Scholars of archaeology and linguistics have found that place names and legends of an area contain "fossils" from that area's remote past. The truth may be embellished by changes, and stories may suffer abridgment through the years of telling, but traces of the truth remain in fossil form, buried in the names of people and places.

In the town of Les Saintes-Maries-de-la-Mer in France, there is a festival every May 23 to 25 at a shrine in honor of Saint Sarah the Egyptian, also called Sara Kali, the "Black Queen." Close scrutiny reveals that this festival, which originated in the Middle Ages, is in honor of an "Egyptian" child who accompanied Mary Magdalen, Martha, and Lazarus, arriving with them in a small boat that came ashore at this location in approximately 42 C.E. The people seem to have assumed that the child, being "Egyptian," was dark-skinned and, by further interpolation, that she must have been the servant of the family from Bethany, since no other reasonable explanation could be found for her presence.

The name Sarah means "queen" or "princess" in Hebrew. This Sarah is further characterized in local legends as "young," no more than a child. So we have, in a tiny coastal town in France, a yearly festival in honor of a young, dark-skinned girl child called Sarah. The fossil in this legend is that the child is called "princess" in Hebrew.

A child of Jesus, born after Mary's flight to Alexandria, would have been about twelve years of age at the time of the voyage to Gaul recorded in the legend. She, like the princes of David's line, is symbolically black, "unrecognized in the streets" (Lam. 4:8). The Magdalen was herself the "Sangraal," in the sense that she was the "chalice," or vessel, that once carried the royal bloodline in utero.

The symbolic blackness of the Bride in Canticles and the Davidic princes of Lamentations is extended to this hidden Mary and her child. It appears that the festival of the Black Princess, Sara Kali, is in honor of this same symbolically black child. It is likely that those in later centuries who knew this legend and the identity of the Magdalen as the wife of Jesus equated her with the black bride from Canticles. She was the Sister-Bride and the Beloved. Her "blackness" would have been symbolic of her hidden state; she was the unknown queen--unacknowledged, repudiated, and vilified by the church through the centuries in an attempt to deny the legitimate bloodline and to maintain its own doctrines of the divinity and celibacy of Jesus.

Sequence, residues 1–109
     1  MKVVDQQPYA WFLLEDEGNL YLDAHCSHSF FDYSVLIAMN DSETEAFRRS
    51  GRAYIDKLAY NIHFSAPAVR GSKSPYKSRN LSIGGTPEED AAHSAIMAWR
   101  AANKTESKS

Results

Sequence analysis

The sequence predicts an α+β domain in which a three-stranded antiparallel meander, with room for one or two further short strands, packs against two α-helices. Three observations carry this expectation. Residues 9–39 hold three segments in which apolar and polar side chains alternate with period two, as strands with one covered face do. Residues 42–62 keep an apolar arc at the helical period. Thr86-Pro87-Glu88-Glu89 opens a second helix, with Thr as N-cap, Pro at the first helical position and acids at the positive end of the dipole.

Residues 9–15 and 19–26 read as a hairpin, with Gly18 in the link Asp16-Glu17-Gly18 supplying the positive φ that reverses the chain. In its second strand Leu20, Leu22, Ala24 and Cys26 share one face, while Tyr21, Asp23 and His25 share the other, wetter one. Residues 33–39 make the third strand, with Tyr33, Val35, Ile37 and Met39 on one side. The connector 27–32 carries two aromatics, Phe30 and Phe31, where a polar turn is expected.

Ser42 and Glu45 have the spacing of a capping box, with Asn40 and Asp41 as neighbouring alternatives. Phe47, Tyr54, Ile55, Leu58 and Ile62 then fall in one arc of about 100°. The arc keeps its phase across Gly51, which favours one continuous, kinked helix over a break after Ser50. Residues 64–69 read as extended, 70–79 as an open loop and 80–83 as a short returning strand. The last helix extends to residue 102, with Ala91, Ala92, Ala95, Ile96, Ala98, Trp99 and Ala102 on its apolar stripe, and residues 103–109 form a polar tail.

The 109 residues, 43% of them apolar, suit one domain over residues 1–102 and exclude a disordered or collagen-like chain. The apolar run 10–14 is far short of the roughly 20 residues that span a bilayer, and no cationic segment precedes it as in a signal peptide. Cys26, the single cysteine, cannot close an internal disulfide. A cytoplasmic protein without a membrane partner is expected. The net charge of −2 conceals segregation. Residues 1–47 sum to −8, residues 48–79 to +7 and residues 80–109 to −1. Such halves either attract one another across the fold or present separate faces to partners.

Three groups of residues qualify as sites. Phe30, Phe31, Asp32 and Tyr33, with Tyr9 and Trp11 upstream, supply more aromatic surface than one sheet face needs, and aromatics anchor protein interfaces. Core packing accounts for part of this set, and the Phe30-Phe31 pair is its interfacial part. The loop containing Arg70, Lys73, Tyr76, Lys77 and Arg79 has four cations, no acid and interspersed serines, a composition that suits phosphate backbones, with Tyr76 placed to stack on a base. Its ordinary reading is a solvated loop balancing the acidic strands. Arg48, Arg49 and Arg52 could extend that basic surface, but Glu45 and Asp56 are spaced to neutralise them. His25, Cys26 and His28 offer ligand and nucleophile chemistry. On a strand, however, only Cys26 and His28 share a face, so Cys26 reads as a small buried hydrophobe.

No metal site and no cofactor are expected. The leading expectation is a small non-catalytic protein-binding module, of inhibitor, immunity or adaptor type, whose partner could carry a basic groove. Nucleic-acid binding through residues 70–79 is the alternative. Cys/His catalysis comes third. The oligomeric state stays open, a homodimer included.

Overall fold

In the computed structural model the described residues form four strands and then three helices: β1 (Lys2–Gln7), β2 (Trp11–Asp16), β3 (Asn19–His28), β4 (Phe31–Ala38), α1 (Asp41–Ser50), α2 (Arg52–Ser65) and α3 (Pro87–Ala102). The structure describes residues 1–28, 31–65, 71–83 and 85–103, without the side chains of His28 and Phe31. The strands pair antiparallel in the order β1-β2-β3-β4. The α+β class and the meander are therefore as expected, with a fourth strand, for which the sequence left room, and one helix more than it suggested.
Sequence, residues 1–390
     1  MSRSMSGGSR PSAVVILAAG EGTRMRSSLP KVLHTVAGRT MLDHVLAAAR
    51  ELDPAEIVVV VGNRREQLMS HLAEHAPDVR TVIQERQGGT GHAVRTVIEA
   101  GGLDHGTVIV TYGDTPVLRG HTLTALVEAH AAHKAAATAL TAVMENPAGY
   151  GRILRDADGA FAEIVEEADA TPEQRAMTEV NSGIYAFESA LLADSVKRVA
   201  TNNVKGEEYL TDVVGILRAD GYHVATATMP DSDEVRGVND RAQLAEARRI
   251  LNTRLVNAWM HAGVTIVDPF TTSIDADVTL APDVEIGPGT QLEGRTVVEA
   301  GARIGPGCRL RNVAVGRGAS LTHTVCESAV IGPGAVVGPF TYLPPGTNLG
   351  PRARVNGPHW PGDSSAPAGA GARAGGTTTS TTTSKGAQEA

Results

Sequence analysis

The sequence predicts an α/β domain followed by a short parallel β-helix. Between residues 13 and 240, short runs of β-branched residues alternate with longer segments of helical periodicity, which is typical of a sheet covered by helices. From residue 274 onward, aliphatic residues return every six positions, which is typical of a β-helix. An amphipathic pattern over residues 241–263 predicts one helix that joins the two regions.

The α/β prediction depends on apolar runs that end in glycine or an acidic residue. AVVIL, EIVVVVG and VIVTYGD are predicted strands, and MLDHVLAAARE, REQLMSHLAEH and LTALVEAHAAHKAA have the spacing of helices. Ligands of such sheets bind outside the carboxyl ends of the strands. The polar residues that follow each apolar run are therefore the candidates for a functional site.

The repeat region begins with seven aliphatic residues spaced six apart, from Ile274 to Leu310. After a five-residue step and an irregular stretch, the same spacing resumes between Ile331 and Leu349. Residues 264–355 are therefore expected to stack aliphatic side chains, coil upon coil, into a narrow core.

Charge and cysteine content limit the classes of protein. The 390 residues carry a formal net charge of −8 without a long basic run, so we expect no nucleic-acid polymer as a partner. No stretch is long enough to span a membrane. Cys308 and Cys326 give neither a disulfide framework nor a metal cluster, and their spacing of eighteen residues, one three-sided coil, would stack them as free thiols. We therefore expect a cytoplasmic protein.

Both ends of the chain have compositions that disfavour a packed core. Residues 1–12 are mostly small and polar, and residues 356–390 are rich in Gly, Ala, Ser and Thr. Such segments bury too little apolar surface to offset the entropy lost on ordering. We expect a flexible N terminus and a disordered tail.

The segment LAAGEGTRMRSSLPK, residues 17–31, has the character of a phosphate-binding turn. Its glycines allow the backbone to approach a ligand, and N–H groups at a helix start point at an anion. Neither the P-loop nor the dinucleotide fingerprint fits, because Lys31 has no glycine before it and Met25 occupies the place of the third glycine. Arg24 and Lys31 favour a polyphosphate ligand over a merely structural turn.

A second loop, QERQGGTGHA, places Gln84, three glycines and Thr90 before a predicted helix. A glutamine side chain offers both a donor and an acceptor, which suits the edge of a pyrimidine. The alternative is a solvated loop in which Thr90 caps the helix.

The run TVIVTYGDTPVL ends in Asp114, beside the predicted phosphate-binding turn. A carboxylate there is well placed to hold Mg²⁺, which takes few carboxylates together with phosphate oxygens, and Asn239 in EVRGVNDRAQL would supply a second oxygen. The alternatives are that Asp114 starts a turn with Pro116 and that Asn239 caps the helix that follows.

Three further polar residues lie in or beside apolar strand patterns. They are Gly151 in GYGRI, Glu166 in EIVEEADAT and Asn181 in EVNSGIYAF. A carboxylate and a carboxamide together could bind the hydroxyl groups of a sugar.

Her blackness is also a direct reference to the deposed Davidic princes of Jerusalem: "Brighter than snow were her princes, whiter than milk . . . now their appearance is blacker than soot, they are unrecognized on the streets" (Lam. 4:8).

Fossils of truth remain buried in our symbols, our proper names of persons and places, our rituals and folk tales. This understood, it is plausible that the flight into Egypt was taken by the "other Joseph," Joseph of Arimathea, and the "other Mary," Mary Magdalen, to protect the unborn child of Jesus from the Romans and the sons of Herod after the crucifixion. The discrepancies in the story and the obvious generation gap can easily be understood in light of the danger to the bloodline--which required the utmost secrecy as to their whereabouts--and in light of the time that elapsed before the story was committed to writing. This seems to be another case of a myth being formed because the truth was too dangerous to be told.

In summary, the two royal refugees from Israel, mother and daughter, might logically be represented in early European art as a dark-skinned mother and child, the hidden ones. The Black Madonnas of the early shrines in Europe (fifth to twelfth centuries) might then have been venerated as symbolic of this other Mary and her child, the Sangraal, which Joseph of Arimathea brought in safety to the coast of France. The symbol for a male of the royal house of David would be a flowering or budding staff, but the symbol for a woman would be the chalice--a cup or vessel contianing the royal blood of Jesus. And that is exactly what the Holy Grail is said to have been!